Building a small retaining wall for a garden
When developing a garden there is often a need to add some retaining walls either because the garden is on a slope or you are creating some change in levels to develop interest in the garden. A retaining wall can either be built using brick or block work.
A small retaining wall recently build by the GardenAdvice team
Planning is the key to any garden construction as almost all garden construction involves moving around a least a few tons of materials. For example in building a garden wall you will be digging out foundations and on average every one cubic metre of soil or sub soil removed will weight about 1.25 tones the concrete you replace it with will weigh a similar amount, so time spent planning to cut down the excess movement of materials is never wasted. Most builder merchant together with the GardenAdvice time are happy to offer some free advice on working out the quantities and practical methods needed to achieve your gardening projects.
mark out the wall as you see it on the ground with some builders sand this will help you to imaging how the final all will look. Then then you are happy with the shape you can start to dig out the foundations. Firstly remove the top soil place to one side in a heap. if the soil is to be left in a heap for 8 weeks or over you should not make the heap over 60cm high as this can kill the soils natural bacteria in the middle of the heap causing it to revert to top soil.
Once you have dug out the basic shape you next need to establish the levels for the base of the foundation. This is done by cutting a number of wooden pegs to the same length approximately 20 to 30cm and hammering them into the base. Next using one as a key peg with a straight edge (normally a long straight piece of wood) and a spirt level you can set the other pegs to the same level at the top. Next in one area dig out the correct depth of the foundation and measure down from the top of peg, this tells you how much you need to dig out to for around each peg area to form the basic foundation depth. If you have a long wall to build it is easier to hire a small cowley level from your local hire centre.
once you are happy with the foundation trench and the basic levels you can set up a series of wooden pegs in the bottom of each trench to the height you wish to lay the foundations and level each one with a straight edge and spirit level. then using a concrete mixture 6 to 1 ( 6 parts sand 1 part cement ) pour the foundations and level using the pegs in the base of the trench as shown in the photo. the idea is that you end up with a foundation that is level and even. the size and depth of the foundation will depend on the wall and the type of soil you have. the gardenadvice.co.uk free advisor service will be happy to advise. For further details click here mixing small quantities of concrete can be achieved in a wheel barrow by first mixing the ballast and cement then slowly adding the water. However it is often best to hirer a cement mixer from your local hire centre so that you can lay the foundations in one operation as this will be stronger than laying the foundation in several sections.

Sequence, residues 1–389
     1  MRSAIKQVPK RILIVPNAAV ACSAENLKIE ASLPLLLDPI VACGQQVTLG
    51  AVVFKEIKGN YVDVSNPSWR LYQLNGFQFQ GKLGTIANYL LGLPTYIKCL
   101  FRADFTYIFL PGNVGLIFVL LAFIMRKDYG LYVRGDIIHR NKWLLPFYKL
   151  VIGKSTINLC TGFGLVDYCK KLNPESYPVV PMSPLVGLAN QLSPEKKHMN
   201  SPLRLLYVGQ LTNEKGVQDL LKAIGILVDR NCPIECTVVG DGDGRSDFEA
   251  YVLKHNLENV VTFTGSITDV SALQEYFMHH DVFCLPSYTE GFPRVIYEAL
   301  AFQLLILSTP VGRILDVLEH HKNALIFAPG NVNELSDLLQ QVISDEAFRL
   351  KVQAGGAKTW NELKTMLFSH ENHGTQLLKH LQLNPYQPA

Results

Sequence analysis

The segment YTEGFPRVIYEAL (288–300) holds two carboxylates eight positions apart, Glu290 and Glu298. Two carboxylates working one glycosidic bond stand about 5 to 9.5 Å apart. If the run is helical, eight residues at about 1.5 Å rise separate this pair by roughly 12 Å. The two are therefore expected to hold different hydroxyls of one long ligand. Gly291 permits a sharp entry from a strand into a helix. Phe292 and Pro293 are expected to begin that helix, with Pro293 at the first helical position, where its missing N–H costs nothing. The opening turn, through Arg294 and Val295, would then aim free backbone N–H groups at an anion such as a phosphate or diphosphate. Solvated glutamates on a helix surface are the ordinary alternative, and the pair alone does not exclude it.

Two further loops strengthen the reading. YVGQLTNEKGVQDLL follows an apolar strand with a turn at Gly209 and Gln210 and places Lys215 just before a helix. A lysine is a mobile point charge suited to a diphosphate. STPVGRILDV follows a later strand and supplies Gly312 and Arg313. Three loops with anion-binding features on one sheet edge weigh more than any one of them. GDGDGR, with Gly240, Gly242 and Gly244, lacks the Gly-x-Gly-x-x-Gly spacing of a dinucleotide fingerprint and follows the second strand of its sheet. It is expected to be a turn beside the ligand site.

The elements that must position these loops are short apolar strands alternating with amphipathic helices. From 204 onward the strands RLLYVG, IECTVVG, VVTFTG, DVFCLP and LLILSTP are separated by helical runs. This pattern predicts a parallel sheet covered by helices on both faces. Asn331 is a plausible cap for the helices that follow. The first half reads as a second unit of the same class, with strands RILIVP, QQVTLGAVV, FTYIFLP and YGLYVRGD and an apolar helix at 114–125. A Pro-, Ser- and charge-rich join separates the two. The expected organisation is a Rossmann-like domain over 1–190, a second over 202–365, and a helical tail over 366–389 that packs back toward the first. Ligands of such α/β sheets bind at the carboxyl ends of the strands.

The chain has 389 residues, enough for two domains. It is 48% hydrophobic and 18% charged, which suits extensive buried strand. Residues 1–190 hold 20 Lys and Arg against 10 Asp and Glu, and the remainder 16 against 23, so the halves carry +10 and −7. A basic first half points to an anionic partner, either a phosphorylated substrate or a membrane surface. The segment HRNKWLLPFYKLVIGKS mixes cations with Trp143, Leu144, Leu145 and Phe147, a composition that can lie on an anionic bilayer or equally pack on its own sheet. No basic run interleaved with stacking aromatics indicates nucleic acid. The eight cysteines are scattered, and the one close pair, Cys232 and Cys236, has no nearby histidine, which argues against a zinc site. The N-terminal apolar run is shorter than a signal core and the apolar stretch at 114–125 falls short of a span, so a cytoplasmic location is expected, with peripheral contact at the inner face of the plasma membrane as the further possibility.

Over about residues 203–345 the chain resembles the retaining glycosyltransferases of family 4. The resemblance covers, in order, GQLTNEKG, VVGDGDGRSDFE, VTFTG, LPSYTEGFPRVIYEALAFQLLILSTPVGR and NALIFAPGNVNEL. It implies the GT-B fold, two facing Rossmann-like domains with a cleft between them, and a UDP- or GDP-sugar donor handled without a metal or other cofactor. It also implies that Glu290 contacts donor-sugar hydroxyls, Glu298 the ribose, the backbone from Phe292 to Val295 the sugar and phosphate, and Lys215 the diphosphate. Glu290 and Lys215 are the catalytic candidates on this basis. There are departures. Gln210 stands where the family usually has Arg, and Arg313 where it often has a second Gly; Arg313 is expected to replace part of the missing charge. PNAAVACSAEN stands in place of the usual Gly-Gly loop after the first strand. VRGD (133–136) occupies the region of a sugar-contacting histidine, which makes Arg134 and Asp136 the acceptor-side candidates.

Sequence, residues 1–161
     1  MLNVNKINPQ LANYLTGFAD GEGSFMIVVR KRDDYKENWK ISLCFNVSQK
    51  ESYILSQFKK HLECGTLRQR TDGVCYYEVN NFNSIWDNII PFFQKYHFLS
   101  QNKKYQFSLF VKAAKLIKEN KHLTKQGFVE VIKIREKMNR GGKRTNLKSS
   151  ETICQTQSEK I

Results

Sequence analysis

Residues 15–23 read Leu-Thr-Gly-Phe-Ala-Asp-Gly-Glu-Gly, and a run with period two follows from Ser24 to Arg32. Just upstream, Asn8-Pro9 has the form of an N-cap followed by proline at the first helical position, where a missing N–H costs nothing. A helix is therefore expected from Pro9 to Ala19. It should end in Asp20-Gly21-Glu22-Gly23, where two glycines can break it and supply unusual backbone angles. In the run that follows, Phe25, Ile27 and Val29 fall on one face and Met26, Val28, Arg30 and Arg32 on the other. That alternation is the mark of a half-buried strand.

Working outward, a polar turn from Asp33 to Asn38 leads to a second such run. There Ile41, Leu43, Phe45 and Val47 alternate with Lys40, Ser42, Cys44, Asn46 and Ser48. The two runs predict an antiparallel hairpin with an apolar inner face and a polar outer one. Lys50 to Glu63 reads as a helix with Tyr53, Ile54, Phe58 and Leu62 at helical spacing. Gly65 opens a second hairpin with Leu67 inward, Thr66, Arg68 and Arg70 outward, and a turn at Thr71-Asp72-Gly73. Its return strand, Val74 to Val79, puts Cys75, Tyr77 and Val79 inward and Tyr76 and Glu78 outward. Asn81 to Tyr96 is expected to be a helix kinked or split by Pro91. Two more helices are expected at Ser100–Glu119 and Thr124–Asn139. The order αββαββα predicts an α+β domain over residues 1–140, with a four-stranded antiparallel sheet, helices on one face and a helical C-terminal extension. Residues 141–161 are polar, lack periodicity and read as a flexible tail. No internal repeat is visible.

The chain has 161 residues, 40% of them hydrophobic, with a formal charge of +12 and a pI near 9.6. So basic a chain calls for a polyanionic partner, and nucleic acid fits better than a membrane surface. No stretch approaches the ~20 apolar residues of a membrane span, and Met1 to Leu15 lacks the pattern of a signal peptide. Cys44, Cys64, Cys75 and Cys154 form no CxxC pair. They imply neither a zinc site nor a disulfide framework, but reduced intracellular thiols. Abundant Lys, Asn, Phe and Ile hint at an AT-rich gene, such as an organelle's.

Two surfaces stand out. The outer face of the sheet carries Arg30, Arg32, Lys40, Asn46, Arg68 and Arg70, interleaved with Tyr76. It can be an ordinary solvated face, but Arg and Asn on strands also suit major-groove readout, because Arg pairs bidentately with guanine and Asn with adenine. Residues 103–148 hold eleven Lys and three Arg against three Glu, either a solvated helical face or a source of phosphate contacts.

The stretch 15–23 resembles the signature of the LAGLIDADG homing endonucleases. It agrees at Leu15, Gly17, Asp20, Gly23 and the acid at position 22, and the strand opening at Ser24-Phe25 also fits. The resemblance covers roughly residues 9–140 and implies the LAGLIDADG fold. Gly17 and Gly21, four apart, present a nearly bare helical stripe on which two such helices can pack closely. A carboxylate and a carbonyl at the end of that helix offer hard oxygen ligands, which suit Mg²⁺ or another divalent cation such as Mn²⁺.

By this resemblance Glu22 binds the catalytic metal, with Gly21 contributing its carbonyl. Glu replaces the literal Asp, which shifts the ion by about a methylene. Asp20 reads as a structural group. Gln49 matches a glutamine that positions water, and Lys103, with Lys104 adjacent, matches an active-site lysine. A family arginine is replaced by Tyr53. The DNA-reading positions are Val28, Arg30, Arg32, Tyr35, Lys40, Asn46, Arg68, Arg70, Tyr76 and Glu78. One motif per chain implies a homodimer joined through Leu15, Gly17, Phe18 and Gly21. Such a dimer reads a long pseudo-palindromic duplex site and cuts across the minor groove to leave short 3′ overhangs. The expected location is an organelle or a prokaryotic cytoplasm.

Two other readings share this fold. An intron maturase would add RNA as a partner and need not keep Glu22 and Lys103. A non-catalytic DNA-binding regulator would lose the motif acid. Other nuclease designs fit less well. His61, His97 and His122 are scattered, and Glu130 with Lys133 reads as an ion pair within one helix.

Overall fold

once the foundation is dry you can lay the first layer of blocks or bricks as a general rule we use a rear skin of concrete blocks for a retaining wall faced with natural stone, mock stone brick or wood cladding. In the photo you will see that we have laided temapary the first course of blocks on there side this is because we often find it easier to do this and it provides additional stability at the base of the wall. to check the final height of the wall and the levels we placed 3 a temparey blocks and placed the straight edge across them using a small spirit level.
Laying the blocks or bricks in your wall should be done using mortar, see the GardenAdvice mortar mixing guild. First lay a strip of mortar as shown in the photo then place the first block or brick using light taps from a lump hammer to find the level and position. next butter the second block on the end with the mortar and place it next to the first removing the excess mortar as you go. Normally you lay both ends and spent time making sure there are true and level, then using a builders line strung between the two you can lay the remaining blocks or bricks using the line being careful not to distort it by touching it.
The next picture shows our first stage wall because the wall is small and on a curve we found the level on each block using a wooden straight edge and spirit level which helped to find the correct level as we laid the blocks around the curve. The straight edge can be seem in the rear of the photo.
If the wall is to retain any amount of soil it should be constructed so that it can allow water to past through to remove some of the weight pressing against it. This is normally achieved by building into the wall a small drainage pipe every metre to allow the water to drain through the wall.
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